Written by Richard Rodgers (music)
A sweet fairy tale come to life
|Marriott Theatre presents|
Review by K.D. Hopkins
This is the production of Cinderella that I grew up watching, all the while wondering what happened to the Grimm version with all of the hacked off toes and heels to fit into the shoe. I was a strange child who enjoyed the cautionary morality tales where good always wins and evil ends up with its head literally at the grindstone. That being said, there is something about the music and the glittering magic of Rodgers and Hammerstein that makes it worth another view. It worked in 1966 and it works now.
Marriott Theatre for Young Audiences created a lovely rendition of this classic tale. It is produced in the round, and every seat is a good one. The audience is full of very young children, and I tell you this for one reason – be prepared. They don’t all sit still or stay quiet, but it is for them and not the grown up kids like me.
Cinderella (Dara Cameron) is a sweet and innocent princess-to-be. Cameron has a dulcet soprano that blends beautifully with Brian Bohr’s (Prince Christopher) fine tenor. There is some updating on the characters in this Marriott version: the prince has a name, as do several other characters who were formerly just caricatures. The stepsisters are now Joy (Ericka Mac) and Portia (Kelley Abell). The Stepmother (Iris Lieberman) has aspirations other than getting her daughters married. Joy is supposed to be charming and witty and Portia, named after a character in The Merchant of Venice, is on the lawyer track. I don’t find this to be necessary, as the original story has already been cleaned up to not make children frightened. I suppose it is equally frightening to bring back the economic necessity of a woman needing a husband to survive.
Mac and Abell are perfect as the squabbling stepsisters. They are good meanies and yet not too evil. Both actresses have a command of physical comedy which is put to great use when the Herald (George Keating) has to try the glass slipper on their feet. It looks like an illustration out of a book when Mac throws her dress up to reveal a petticoat and Abell does the same. Nothing ladylike or delicate about these stepsisters. Keating reacts hilariously for both the petticoat exposure and the assumed stinky feet.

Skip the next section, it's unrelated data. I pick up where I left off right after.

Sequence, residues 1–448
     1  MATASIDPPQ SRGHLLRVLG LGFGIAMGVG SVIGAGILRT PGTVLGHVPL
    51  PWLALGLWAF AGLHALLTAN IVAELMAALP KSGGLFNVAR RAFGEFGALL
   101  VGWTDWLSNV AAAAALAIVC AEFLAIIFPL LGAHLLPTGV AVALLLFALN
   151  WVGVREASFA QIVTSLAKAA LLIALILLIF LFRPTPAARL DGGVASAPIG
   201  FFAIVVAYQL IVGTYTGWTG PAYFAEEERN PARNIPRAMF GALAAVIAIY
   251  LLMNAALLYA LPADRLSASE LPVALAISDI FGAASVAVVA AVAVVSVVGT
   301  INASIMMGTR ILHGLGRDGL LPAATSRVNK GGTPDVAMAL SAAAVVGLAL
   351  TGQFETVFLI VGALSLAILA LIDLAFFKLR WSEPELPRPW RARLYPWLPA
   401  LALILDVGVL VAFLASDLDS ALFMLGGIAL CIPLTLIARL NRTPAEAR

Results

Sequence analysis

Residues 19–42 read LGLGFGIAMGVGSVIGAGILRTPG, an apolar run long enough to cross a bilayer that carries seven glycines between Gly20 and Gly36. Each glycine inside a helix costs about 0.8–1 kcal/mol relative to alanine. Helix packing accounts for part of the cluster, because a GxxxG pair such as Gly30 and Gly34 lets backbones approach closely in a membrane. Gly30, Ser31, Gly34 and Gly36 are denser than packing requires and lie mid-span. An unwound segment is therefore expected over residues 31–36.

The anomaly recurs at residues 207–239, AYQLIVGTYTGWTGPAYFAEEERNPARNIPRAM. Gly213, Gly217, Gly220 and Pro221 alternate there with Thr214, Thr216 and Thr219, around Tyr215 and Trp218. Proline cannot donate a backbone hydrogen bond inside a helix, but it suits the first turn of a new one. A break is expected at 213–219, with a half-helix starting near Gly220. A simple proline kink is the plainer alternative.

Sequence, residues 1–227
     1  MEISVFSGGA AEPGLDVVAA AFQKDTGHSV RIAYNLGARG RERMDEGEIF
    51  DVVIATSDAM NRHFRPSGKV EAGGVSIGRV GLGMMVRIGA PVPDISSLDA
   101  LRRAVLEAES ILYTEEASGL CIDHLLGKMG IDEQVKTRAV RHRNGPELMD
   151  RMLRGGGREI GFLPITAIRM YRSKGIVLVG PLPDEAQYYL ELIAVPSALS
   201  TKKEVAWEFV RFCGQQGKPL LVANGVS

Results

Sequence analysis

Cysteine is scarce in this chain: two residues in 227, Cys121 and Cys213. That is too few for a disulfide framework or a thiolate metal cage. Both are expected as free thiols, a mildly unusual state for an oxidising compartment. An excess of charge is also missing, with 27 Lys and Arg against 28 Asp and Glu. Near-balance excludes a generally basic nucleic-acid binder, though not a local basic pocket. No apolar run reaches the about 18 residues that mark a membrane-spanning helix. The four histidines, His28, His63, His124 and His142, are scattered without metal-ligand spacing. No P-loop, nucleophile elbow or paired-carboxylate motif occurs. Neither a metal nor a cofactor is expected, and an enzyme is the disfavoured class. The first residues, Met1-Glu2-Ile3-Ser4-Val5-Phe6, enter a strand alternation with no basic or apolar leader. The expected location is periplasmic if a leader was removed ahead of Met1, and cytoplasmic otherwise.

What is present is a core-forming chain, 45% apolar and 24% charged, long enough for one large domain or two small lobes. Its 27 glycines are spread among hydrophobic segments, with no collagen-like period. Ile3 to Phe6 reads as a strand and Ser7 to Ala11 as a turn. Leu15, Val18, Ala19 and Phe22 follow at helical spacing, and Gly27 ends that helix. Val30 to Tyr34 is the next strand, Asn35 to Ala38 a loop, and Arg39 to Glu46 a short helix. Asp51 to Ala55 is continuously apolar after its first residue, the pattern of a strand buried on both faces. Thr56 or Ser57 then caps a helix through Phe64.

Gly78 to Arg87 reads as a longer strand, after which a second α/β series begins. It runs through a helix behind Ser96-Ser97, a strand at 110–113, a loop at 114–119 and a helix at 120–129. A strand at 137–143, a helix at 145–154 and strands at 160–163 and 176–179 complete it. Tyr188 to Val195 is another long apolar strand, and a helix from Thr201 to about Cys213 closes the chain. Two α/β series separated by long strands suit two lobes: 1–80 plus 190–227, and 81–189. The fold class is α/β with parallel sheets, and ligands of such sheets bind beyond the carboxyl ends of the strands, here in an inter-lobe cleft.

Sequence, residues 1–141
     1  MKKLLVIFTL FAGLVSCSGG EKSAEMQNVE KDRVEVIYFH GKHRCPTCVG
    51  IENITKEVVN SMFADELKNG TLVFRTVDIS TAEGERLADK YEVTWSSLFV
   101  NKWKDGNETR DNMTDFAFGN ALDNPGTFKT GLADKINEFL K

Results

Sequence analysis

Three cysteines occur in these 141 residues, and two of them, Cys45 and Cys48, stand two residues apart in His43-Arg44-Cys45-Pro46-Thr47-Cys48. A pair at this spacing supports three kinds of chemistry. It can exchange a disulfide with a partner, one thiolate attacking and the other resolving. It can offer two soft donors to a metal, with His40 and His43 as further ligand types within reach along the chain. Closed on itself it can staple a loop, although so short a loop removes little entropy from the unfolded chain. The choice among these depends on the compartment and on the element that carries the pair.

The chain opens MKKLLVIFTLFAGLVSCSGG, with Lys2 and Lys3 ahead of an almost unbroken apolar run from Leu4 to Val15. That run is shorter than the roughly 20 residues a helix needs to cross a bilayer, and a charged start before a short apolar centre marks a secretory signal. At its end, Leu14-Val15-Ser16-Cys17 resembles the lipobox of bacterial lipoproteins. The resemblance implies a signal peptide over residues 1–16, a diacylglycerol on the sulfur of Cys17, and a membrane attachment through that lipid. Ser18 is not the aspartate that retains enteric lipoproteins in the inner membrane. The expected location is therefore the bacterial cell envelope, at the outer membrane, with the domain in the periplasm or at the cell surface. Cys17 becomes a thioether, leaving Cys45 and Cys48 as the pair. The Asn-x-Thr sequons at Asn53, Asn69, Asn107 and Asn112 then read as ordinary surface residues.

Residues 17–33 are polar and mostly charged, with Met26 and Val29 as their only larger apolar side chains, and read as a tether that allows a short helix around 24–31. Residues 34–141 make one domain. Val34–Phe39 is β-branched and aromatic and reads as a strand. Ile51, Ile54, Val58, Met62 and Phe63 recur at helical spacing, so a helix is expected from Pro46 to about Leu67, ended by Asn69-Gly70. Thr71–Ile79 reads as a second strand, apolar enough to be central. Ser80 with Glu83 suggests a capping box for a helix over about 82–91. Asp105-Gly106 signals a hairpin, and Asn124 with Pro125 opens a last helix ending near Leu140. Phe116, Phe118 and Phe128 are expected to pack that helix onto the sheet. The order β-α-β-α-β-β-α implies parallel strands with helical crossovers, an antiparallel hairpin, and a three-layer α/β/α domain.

The love story is well known, but the story of the King (Rob Rahn) and Queen (Stephanie Binetti) is shown as well. They are portrayed as a normal couple who happen to have a castle and a prince who needs to be married. The King chafes at the cost of the bill for a ball and the Queen doesn’t give a pooh-pooh for the cost. The tender moments between Bohr and Rahn are sweet, revealing the King to be more of a romantic than the Queen. Binetti is loving as the mother who cautions her son that he may never find the mystery woman.
The production values in this show are impressive, with seamless entrances and prop changes. The lights go down for the magic of the carriage and former mice, now footmen, to appear – all while Cinderella is transformed into a princess by her Fairy Godmother (Susan Moniz). There is another update in the story for modern audiences: Cinderella knows her Fairy Godmother in this version. (It’s not just Celeste Holm showing up in a cloud of glitter and introducing herself.)
The production is kept to about an hour and 15 minutes, which is perfect for the attention spans of the under 10 set. I am proud to say that my guest Elina Sofia was very attentive and respective of the show. She liked it very much as she is at the “let’s play princess and I will be the princess” stage. So her contribution to this review is that she recommends this show as does her Auntie Kat. There is also a pretty cool Q&A after the show to explain some of the magic of theater to the young audience.
Cinderella continues through December 31st at Marriott Theatre, 10 Marriott Lane, Lincolnshire (map), with most shows running Tuesday through Saturday at 10am. Tickets are $15, and are available by phone (847-634-0200) or online through their website (check for half-price tickets at Goldstar.com). More information at MarriottTheatre.com. (Running time: 75 minutes without intermission)
Photos by Peter Coombs
Dara Cameron (Cinderella); Brian Bohr (Prince); Ericka Mac (Joy); Kelley Abell (Portia); Susan Moniz (Fairy Godmother); Stephanie Binetti (Queen); Rob Rahn (King); Iris Lieberman (Stepmother); George Keating (Herald); Stephen Schellhardt, Jameson Cooper, Alexandra Palkovic (Ensemble)
behind the scenes
Andy Hite (artistic director); Matt Raftery (director, choreographer); Ryan Nelson (musical director); Robert Gilmartin (sound design); Nancy Missimi (costume design); Jesse Klug, Greg Hoffman (lighting design); Cassy Schillo (props); Patti Garwood (conductor, musical supervisor); Peter Coombs (photos)